See, e.g., Janssen v. Luu (1997) 57 Cal.App.4th 272, 279 [ 66 Cal.Rptr.2d 838]; see also, e.g., Ely v. Gray (1990) 224 Cal.App.3d 1257, 1262-1263 [ 274 Cal.Rptr. 536].

In his complaint, Finney requested reimbursement for "50 percent of all of the expenses incurred for the common benefit" but did not specifically ask for an accounting. Finney urges, however, for the purposes of notice under section 580, a partition action should be treated as if it implicitly includes an accounting. Accordingly, he contends an exception to section 580 is applicable to accountings and actions with similar circumstances. Further, he argues more broadly, the court possesses a wide range of equitable discretion in a partition action to order equitable relief outside the limitations of section 580.

There is merit to the contention a plaintiff may be generally entitled to an accounting by requesting a partition. Section 872.140 provides a court effecting a partition " may, in all cases, order allowance, accounting, contribution, or other compensatory adjustment among the parties according to the principles of equity." (Italics added). Nothing in this provision or the overall statutory framework, however, indicates we can dispense with the notice requirements provided for in default judgments by section 580. As the California Supreme Court clearly established in Becker, section 580 encompasses the required provision of notice of both amount and type of relief. (5) Likewise, while a court generally may provide an accounting in a partition action under section 872.140, it cannot do so at the expense of a defendant's constitutional right to notice.

Wallace v. Daley (1990) 220 Cal.App.3d 1028, 1035 [ 270 Cal.Rptr. 85] ("Every partition action includes a final accounting according to the principles of equity for both charges and credits upon each cotenant's interest."); see also Demetris v. Demetris (1954) 125 Cal.App.2d 440, 445 [ 270 P.2d 891] ("`Where one cotenant has paid more than his proportion of the purchase price of the land, he is entitled on partition to an accounting therefor'"); see also generally 5 Miller and Starr, California Real Estate (3d ed. 2000) Holding Title, section 12:19, pages 42-44.

See sections 872.010-874.240.

Becker v. S.P.V. Construction Co., supra, 27 Cal.3d at pages 493-494.

In Lippel, the court addressed a similar discretionary provision in former Civil Code section 4700, granting the court authority to order child support. The court held, despite the statutory allowance, there must be a specific request for child support in the complaint in order to provide adequate notice of such relief with respect to a default judgment. Here, Finney did not provide sufficient notice to Gomez of an accounting being sought because the complaint and prayer did not request such relief. Arguably, on an inspection of the partition statute and case law, Gomez might have known an accounting could be awarded. However, constructive notice on the part of defendants is not adequate: "`due process requires that they know exactly what risk they assume by not responding to the pleading.'" Even if adequate notice of an accounting could be provided by simply requesting a partition, an award beyond the specific amount demanded by Finney is nonetheless precluded by the limitations of section 580.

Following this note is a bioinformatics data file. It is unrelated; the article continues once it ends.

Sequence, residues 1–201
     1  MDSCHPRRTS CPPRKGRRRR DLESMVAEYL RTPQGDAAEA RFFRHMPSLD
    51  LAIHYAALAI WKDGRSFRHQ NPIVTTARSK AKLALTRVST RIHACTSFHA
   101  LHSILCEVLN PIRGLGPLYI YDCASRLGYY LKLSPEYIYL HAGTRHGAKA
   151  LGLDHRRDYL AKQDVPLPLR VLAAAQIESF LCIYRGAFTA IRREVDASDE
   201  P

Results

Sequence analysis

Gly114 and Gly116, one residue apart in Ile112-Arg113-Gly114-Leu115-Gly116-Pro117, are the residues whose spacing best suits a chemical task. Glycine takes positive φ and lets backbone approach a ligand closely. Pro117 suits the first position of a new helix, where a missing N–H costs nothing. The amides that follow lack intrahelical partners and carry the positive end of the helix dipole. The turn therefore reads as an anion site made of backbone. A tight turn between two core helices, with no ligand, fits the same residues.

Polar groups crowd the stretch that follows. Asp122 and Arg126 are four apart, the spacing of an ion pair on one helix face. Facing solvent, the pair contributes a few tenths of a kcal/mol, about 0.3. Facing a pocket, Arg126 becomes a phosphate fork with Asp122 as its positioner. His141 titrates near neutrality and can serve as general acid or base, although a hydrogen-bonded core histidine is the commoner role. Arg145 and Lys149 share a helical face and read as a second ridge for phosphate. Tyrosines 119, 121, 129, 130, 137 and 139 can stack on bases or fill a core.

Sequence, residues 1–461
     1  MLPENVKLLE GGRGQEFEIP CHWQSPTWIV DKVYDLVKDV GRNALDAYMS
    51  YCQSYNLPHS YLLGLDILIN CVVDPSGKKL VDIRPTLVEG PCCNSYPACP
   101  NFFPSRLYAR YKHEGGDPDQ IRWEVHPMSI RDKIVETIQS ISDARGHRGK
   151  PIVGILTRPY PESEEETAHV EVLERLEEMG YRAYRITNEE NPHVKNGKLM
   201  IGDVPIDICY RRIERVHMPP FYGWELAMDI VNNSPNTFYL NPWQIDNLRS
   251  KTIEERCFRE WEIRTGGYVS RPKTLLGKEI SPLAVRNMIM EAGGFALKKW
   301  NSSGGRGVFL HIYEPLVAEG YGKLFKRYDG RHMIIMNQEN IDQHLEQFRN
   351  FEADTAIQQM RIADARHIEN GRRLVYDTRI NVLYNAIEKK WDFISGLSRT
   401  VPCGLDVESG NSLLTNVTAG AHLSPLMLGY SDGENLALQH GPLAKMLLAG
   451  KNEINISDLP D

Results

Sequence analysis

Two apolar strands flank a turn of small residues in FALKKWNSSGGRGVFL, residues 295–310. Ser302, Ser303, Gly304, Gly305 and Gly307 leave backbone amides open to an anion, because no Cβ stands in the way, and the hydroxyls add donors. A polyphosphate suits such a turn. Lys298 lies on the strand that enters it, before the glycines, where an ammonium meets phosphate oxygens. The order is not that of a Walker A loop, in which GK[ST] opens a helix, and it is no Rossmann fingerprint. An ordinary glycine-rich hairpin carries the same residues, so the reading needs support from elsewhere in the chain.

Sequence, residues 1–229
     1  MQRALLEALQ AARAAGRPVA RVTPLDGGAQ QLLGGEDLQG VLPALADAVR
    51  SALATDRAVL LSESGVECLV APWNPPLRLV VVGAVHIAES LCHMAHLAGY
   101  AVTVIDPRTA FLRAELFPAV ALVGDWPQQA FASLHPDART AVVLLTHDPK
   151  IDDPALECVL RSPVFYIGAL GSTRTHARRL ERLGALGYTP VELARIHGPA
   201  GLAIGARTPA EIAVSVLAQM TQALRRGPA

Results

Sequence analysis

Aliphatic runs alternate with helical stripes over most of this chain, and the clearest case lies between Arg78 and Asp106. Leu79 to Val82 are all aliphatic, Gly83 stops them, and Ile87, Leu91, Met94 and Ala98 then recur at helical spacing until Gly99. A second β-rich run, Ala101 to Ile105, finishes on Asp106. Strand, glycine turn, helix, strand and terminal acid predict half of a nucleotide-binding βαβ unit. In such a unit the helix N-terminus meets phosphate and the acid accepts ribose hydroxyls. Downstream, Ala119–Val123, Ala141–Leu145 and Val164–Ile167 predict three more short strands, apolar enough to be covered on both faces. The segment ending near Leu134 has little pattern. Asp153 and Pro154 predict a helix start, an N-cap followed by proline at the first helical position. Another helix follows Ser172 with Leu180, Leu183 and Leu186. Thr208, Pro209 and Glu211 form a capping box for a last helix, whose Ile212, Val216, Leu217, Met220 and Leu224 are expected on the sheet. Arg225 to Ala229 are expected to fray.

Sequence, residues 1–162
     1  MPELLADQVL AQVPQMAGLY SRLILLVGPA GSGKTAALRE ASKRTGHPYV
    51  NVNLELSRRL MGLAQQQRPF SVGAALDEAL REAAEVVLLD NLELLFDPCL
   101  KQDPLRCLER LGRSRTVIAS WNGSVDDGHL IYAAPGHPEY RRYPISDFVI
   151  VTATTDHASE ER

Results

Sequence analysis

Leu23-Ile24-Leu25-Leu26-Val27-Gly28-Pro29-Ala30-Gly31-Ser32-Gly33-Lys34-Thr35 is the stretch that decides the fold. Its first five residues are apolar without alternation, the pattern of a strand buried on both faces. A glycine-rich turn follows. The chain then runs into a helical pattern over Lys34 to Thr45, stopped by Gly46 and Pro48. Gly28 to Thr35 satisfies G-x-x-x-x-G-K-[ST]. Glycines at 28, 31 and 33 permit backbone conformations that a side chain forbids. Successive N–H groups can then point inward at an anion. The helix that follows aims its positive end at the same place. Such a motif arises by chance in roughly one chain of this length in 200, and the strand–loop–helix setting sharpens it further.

In re Marriage of Lippel, supra, 51 Cal.3d at page 1171.

In re Marriage of Lippel, supra, 51 Cal.3d at page 1171.

Janssen v. Luu, supra, 57 Cal.App.4th at page 277 (italics added).

Relying on the holdings in Cassel v. Sullivan, Roche Johnson and In re Marriage of Andresen, Finney further contends an accounting action (and by extension a partition action) does not require the specification of a precise amount in the complaint in order to satisfy section 580.

Cassel v. Sullivan, Roche Johnson (1999) 76 Cal.App.4th 1157 [ 90 Cal.Rptr.2d 899].

In re Marriage of Andresen (1994) 28 Cal.App.4th 873 [ 34 Cal.Rptr.2d 147].

In Cassel, the Fifth District upheld a default judgment in favor of a plaintiff who sought in his complaint an accounting and valuation of his interest in a partnership. Cassel's complaint alleged the defendants were in possession of the essential financial information and accounts necessary to value his interest in the partnership. Additionally, the complaint alleged the partners had refused his requests for an accounting of his interest. After the defendants defaulted, the trial court awarded Cassel $305,690 plus $5,000 in attorney's fees. The court subsequently granted defendant's motion to set aside the default judgment in excess of the amount stated in the complaint on the ground Cassel was required to serve a statement of damages before obtaining the default judgment. Upon this ruling, Cassel served a statement of damages on the partnership which then participated in a second prove-up hearing. Subsequently, a second judgment was entered in favor of Cassel for the same amount as the original judgment, $305,690 in damages. Additionally, the court granted his attorney's fees and interest, set at $95,000. The Court of Appeal reversed the second judgment as superfluous and reinstated the original award.